No San Francisco 3-day itinerary would be complete without visiting Alcatraz Island. Located on an island in San Francisco Bay, it takes a ferry ride to reach the former federal prison featured in the movie “Escape from Alcatraz.” 

You’ll need to reserve tickets in advance as the tours always sell out. Before Alcatraz was a prison, it served as the first and largest fort on the Pacific Coast. 

Alcatraz cell block
Alcatraz cell block

In the early 1900s, Fort Alcatraz evolved into a military prison. Eventually, it became a penitentiary, detaining high-profile inmates such as Al Capone (Scarface), “Machine Gun” Kelly, and Robert Stroud.

Arriving at the Rock, it’s a sharp incline to reach the prison block. Along the way, you’ll view the water tower, the morgue, Alcatraz gardens and see where the prison’s workers lived.

The self-guided tour includes a headset with commentary provided in 11 languages. You’ll tour the prison block, learn about its famous inmates, and discover the meaning of the term “the slammer.”

The standard cells are intimate at 9 by 5 feet and 7 feet high. Believed to be escape-proof, they lacked privacy and came equipped with a basic bed, sink, and toilet.

After learning about the escape attempts, you’ll end your tour in an exhibit about incarceration before reaching its fantastic gift shop.

It’s eye-opening to learn that the United States has over 2 million prisoners, and its incarceration rate is up to seven times higher than in other Western countries.

A typical 9 x 5 Alcatraz cell
A typical 9 x 5 cell

If Alcatraz is on your US ultimate bucket list, expect to spend a few hours touring the island, including the boat ride to and from the Rock.

Pier 39

From Pier 39, walk northwesterly towards the Fisherman’s Wharf area. En route, you’ll pass the SS Jeremiah O’Brien, a Liberty ship and rare survivor from World War II.

Fisherman’s Wharf is one of San Francisco’s famous tourist sites. Here, you can browse more than one pier, which gets quite crowded on weekends. Even if you dislike crowds, it’s a great place to feel the city’s energy.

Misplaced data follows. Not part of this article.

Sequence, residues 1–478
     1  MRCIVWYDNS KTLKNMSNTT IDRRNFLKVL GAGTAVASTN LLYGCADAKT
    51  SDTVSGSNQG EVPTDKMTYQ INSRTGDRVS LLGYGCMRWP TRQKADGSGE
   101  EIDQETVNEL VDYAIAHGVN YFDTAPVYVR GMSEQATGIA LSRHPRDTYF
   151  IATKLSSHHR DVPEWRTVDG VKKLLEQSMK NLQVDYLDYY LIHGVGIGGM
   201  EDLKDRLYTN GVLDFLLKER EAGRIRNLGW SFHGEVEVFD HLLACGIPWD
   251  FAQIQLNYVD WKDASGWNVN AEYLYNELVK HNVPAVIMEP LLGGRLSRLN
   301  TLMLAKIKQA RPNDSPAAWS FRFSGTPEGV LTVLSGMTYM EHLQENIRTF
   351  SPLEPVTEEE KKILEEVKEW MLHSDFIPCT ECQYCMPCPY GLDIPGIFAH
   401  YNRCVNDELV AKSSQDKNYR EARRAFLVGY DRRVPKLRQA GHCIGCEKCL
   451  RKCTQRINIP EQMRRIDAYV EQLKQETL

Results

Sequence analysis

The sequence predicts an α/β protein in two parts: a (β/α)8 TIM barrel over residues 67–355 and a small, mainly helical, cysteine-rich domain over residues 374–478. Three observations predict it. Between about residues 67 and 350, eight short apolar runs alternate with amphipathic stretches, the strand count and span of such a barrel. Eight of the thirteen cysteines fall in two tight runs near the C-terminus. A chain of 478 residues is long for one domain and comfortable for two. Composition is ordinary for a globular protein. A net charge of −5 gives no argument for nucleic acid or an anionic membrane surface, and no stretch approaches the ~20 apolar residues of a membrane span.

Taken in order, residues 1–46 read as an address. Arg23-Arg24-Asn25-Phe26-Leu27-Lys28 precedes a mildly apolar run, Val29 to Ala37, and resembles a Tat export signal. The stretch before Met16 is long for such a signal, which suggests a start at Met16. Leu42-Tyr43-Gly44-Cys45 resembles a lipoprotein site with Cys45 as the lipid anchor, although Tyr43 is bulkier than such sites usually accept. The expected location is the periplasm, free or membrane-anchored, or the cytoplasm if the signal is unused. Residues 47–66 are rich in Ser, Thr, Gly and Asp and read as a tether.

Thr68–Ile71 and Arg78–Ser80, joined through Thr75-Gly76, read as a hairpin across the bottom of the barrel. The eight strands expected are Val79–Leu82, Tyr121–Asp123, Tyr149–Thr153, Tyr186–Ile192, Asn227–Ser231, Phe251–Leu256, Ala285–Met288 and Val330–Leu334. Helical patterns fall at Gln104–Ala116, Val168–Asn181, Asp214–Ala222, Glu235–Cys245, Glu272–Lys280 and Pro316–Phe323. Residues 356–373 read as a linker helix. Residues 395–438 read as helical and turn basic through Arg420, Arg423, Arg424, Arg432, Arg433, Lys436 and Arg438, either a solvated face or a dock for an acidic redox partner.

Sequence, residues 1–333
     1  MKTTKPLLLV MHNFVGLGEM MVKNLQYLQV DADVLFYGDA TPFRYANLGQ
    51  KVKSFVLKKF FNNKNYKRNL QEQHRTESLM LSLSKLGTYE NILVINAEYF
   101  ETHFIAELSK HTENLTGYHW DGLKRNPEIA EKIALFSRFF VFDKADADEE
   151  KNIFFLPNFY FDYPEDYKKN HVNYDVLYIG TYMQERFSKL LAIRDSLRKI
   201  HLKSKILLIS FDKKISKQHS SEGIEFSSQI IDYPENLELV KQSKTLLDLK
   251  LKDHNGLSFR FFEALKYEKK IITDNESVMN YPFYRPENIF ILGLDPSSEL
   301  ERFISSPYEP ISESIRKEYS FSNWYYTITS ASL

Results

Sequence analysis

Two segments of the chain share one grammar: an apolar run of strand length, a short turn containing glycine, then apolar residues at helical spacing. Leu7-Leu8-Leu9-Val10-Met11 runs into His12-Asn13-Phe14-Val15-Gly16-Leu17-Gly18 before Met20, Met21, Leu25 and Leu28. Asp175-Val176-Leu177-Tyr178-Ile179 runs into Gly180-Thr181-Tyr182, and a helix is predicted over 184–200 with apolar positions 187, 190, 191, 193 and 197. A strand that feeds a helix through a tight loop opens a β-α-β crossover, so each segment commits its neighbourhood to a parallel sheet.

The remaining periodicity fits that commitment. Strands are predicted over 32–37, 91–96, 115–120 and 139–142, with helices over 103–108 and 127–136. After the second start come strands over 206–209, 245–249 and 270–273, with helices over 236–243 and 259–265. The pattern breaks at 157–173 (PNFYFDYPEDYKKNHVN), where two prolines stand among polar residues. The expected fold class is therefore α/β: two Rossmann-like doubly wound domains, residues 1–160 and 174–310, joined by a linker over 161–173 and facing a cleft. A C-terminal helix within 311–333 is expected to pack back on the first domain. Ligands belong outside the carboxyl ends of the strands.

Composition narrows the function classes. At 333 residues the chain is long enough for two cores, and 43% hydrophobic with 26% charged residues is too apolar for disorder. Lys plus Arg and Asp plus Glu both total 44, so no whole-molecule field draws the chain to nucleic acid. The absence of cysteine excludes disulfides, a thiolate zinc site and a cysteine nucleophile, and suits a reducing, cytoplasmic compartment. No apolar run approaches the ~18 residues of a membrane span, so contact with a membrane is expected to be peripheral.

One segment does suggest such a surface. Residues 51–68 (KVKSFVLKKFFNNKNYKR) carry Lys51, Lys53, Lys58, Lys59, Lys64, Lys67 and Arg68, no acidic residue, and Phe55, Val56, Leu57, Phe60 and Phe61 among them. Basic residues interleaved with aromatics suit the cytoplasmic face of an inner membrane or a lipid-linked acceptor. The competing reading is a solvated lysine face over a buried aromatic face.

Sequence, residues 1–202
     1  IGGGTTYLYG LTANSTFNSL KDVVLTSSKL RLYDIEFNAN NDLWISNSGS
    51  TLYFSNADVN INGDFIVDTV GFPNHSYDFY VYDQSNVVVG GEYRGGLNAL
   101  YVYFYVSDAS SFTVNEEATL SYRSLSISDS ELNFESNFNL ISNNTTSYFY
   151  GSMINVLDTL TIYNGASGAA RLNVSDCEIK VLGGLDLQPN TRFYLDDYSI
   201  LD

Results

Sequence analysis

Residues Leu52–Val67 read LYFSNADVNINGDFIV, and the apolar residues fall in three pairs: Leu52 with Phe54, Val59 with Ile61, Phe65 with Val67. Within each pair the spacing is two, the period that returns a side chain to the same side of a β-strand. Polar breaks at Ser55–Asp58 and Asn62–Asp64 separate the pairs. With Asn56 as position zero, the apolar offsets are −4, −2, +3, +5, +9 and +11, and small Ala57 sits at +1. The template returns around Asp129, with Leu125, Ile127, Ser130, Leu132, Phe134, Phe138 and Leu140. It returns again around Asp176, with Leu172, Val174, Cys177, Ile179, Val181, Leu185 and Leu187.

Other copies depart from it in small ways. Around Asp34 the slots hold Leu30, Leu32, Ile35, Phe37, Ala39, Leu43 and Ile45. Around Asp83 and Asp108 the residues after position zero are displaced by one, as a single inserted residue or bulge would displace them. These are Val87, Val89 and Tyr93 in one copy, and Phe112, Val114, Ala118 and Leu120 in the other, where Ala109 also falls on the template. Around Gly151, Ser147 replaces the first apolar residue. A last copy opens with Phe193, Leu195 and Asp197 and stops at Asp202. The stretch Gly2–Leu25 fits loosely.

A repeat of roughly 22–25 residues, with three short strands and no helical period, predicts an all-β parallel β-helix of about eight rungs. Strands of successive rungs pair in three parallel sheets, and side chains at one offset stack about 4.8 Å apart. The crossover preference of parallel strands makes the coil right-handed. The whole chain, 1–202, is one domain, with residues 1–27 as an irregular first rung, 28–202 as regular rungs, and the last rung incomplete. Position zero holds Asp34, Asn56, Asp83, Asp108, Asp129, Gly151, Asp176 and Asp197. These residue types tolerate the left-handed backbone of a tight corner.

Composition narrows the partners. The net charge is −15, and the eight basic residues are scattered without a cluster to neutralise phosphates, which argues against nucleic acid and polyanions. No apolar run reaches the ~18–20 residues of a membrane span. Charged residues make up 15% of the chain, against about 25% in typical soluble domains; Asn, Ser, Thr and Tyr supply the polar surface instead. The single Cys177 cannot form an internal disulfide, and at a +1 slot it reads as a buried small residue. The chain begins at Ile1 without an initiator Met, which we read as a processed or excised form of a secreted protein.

The Aquarium of the Bay, at the entrance to Pier 39, makes a great destination if you’re traveling with children. Colorful sea lion statues outside the building invite visitors to take selfies.

Pier 39 offers a mix of souvenir shops, quirky stores, and eateries selling everything from fast food to the freshest seafood. It’s America’s version of the seaside pier in England, but lacking a beach.

Head to Chowders, Crab House at Pier 39, Pier Market Seafood, or Fog Harbor Fish House for seafood choices.

Check out the Alcatraz Gift Shop, Vanishing Inc. Magic Shop, and Lefty’s Novelty Store for souvenir shopping. Don’t we all know at least one lefty?

As you stroll the pier, be sure to visit the Magowan’s Infinite Mirror Maze. It features an exhibit of colorful mirrors and arches, guaranteed to make you smile.

Piano stairs leading to the Magowan’s Infinite Mirror Maze
Piano stairs on Pier 39

To reach the entrance, you’ll ascend a set of piano stairs, which will enlighten the musically inclined.

A two-level carousel at the end of the pier provides an excellent stop for those with little ones.

Sea Lions

On the west side of Pier 39, the local sea lions entertain visitors with their noisy barks. Lazily lounging in the sunshine on the K-Dock, they have become a San Francisco novelty.

Living in harmony within a bustling city, the colony of sea lions has called Pier 39 their home since 1990. With an abundant food supply in nearby waters, their number rises and falls with the seasons.

Fisherman’s Wharf

Continue walking west on Embarcadero, which turns into Jefferson Street. Here you’ll enjoy another area of Fisherman’s Wharf, although the attractions are spread along Jefferson’s Street and Pier 45.

Here, the attractions are more diverse, with Madame Tussauds San Francisco, Ripley’s Believe It or Not, and the Museum of 3D Illusions.

Visiting Fisherman's Wharf
Visiting Fisherman’s Wharf

If you prefer to escape the crowds on the sidewalks, there are plenty of opportunities to take a harbor tour of San Francisco Bay.

Like Pier 39, this area has its share of seafood eateries, such as The Grotto, Scoma’s, and Cioppinos.

If you prefer to see the city’s sites by bus, you’ll find the Big Bus Tours on the corner of Mason and Jefferson Streets.